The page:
Wednesday, October 29, 2008
Q & A with Steven Hague
We interview British writer Steven Hague, authof of Justice For All.
Q: What makes Zac Hunter different from other (unofficial) PIs?
With Hunter, I’ve tried to create the kind of lead character that makes the reader question whether the end justifies the means. He’s not your all-American hero – he’s a good guy to have in the trenches but a bad guy to have on your case. A maverick ex-cop who’ll walk through walls to bring down the bad guys, his desire to see justice served stems from the fact that his father’s murderers were never identified. He’s tough, taciturn, and sardonic, and he’s not afraid to cross the line. Plus he’s a loner – someone that’s self-reliant and unencumbered by the day-to-day baggage that a wife and family can bring. And most of all, he’s a man of action – someone that’s focussed on where he’s going rather than where he’s been. That way, the reader learns about him as they see the world through his eyes.
Q: How does music influence your work?
I’m seriously into rock music, and I like to work mentions of some of my favourite bands into my novels. I use music to help set the scene – it can provide an insight into a character’s thoughts or feelings, and it can give the reader a sense of the familiar to help ground the plot in reality. I try to use a mix of instantly recognisable bands and some that are less well known, as in this way I feel that I’m doing my bit in bringing a wider public audience to some deserving acts!
Q: How did you get published?
Before I put pen to paper on Justice For All, I undertook a fair amount of research then set about creating a plot outline. Some authors plunge straight in and see where the journey takes them, but that approach isn’t for me – I like to have a rough idea of where I’m headed before I set out. Once I had a first draft, I decided to hire a freelance editor, as I wanted my manuscript to be as honed as possible before I submitted it to agents.
I then drew up a hit list of agents that specialised in crime thrillers, and two days after sending out a handful of submissions, I got a call from Broo Doherty of the Wade and Doherty Literary Agency, who offered to represent me. Broo then set about finding me a publisher, and a few weeks later I’d signed a two-book deal with MIRA books. The final stager in the process was to work through some editorial suggestions from MIRA, which helped turn Justice For All into the lean, mean, and moody beast that it is today. The whole process – from writing the very first line to seeing the book hit the shelves – took around two years to complete.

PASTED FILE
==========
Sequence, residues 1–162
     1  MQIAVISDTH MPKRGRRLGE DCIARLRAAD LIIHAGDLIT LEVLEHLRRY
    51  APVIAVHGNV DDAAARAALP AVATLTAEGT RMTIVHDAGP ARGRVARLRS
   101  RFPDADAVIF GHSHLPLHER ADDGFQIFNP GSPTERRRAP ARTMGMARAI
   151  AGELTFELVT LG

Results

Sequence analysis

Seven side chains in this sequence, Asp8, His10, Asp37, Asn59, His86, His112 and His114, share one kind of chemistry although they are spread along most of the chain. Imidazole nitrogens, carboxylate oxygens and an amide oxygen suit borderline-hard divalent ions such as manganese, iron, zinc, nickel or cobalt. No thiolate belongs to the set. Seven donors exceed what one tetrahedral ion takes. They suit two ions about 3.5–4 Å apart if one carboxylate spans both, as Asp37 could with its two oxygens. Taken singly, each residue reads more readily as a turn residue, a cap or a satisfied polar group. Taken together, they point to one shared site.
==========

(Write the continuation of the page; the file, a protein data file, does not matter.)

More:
Q: What’s next for you and Zac?
Next up for Zac is the follow up to Justice For All, entitled Blood Law, which will be released in summer 2009. When Hunter answers a distress call from a beautiful Latino girl from his past, he finds himself sucked deep into the murky world of L.A. street gangs, where illegal drugs are the major currency and automatic weapons are the main negotiating tool. With a child’s life at stake, Hunter finds himself in a race against time to discover who’s behind the recent upsurge in violence, and why they’re so keen to see the streets run with blood. As for myself, I’m currently hard at work on the first draft of book three in the Zac Hunter series, provisionally entitled The Beholder.
Q: How do you promote your books?
By using any method I can think of! I have a publicity firm, MIDAS PR, working on my behalf to generate column inches in the press, as well as getting me invites to appear at literary festivals, book signings, etc. For my part, I’m trying to build up my on-line presence, as this seems to be the most cost effective way for new authors to reach a large audience. I have a website – www.stevenhague.com - where you can keep up to date with my writing, as well as pages on Facebook and MySpace. But the most innovative thing I’ve done thus far was to go to two of the UK’s biggest rock festivals – Reading and V – with nine of my friends and family, each of us wearing a t-shirt emblazoned with the cover of Justice For All, which created a fair bit of interest as you can imagine!
Q: Do you have any favorite Sons of Spade yourself?
I’m a big fan of John Connelly’s lead character, Charlie Parker. He’s tough, damaged, and driven by the desire for vengeance, plus he’s got two of the best sidekicks in the business in gay assassins Angel and Louis. I also love Burke, the lead character in most of Andrew Vachss’ novels, as he operates as far outside the law as you can possibly get!
Q: In the last century we’ve seen new waves of PI writers, first influenced by Hammett, then Chandler, MacDonald, Parker, later Lehane. Who do you think will influence the coming generation and in what way?
Harlan Coben has achieved a lot of success by becoming the modern day master of the plot twist, while Michael Connelly’s attention to detail and sheer realism is unsurpassed. Both authors are adored by readers and critics alike, thus I wouldn’t be surprised if they influenced the next generation of crime writers.
Q: Raymond Benson came up with the following question: Would you want to be a PI yourself?
In the course of three novels the following things have happened to my lead character, Zac Hunter: he’s been shot at, drugged, beaten, tortured, caught in the crosshairs of a sniper, involved in two car crashes, and even forced to fight off the amorous advances of a love crazed octogenarian. Would I want to be a P.I.? What do you think?
Q: What question should we ask every PI writer we interview and what is your answer?
If you had to choose to write in a genre other than crime, which one would it be and why? I’d like to have a crack at horror one day, as it has many of the same traits as the crime genre – suspense, action, sex, violence, etc – while also allowing you to make stuff up without fear of being corrected!